Free Medicine Program Provides Prescription Drug Assistance

While the political battle over affordable health care rages on, one group of volunteers is showing people how to reduce-or even eliminate-their prescription drug costs.

No, we're not talking about the new Medicare program, which has got at least some seniors scratching their heads trying to figure out how much they'd save by signing up for discount prescription drug cards. Nor are we even talking about controversial efforts-including those by some governors and members of Congress-to circumvent the current ban on importing cheaper drugs from Canada.

Instead, we're talking about a group that helps people take advantage of patient assistance programs that already provide free prescription medicines to more than 6.2 million Americans, according to the Pharmaceutical Research and Manufacturers of America, which represents the country's leading pharmaceutical research and biotechnology companies. Millions more could benefit from these programs-but don't even know it.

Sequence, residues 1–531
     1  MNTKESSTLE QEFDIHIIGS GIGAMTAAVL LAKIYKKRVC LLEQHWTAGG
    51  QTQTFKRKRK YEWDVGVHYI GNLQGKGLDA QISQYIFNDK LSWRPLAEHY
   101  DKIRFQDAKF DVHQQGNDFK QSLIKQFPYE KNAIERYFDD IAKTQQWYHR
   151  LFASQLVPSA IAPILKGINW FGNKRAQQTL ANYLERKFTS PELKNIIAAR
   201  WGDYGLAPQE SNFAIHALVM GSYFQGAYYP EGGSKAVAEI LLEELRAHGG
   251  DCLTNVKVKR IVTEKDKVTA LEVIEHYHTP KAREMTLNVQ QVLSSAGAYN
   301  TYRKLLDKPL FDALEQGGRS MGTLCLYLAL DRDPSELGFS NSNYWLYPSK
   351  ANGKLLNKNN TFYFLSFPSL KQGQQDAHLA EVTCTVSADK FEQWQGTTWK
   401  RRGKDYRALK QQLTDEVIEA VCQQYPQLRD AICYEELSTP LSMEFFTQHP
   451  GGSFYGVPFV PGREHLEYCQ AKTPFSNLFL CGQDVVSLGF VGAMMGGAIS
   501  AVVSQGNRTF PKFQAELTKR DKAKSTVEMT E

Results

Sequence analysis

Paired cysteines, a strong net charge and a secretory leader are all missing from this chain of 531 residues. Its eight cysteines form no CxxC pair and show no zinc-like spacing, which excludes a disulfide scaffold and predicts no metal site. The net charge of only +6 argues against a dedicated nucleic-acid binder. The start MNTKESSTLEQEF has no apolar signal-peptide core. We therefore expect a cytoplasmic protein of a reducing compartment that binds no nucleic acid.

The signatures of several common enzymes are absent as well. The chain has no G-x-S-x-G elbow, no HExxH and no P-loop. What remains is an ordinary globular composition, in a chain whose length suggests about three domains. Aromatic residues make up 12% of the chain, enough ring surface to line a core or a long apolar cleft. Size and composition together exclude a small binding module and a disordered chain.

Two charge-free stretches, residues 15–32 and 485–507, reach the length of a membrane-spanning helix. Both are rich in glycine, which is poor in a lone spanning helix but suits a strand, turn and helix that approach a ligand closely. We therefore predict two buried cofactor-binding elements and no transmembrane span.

That's one reason for the Free Medicine Program, as it's called. Not only does it help people decide which private or pharmaceutical company program would be best for them, but it also aids in dealing with the ever-changing requirements and often daunting application process needed to qualify for these programs. That process alone can ordinarily be extremely tedious, confusing and time-consuming.

To help its members, the program processes their information and sends them customized packages, prepared specifically to meet their individual needs. The members get a letter for their physicians (the assistance of a doctor has significant bearing on acceptance in the program) and information on the application process. The completed papers are sent to the appropriate drug manufacturers for approval. Once a member is approved, the free medicines generally arrive in two to three weeks.

There's a one-time processing fee of five dollars, which is refunded to anyone who can't get medicines free of charge through the program.

You can apply for help and learn more about the program online by visiting the Web site at or calling (646) 205-8000.

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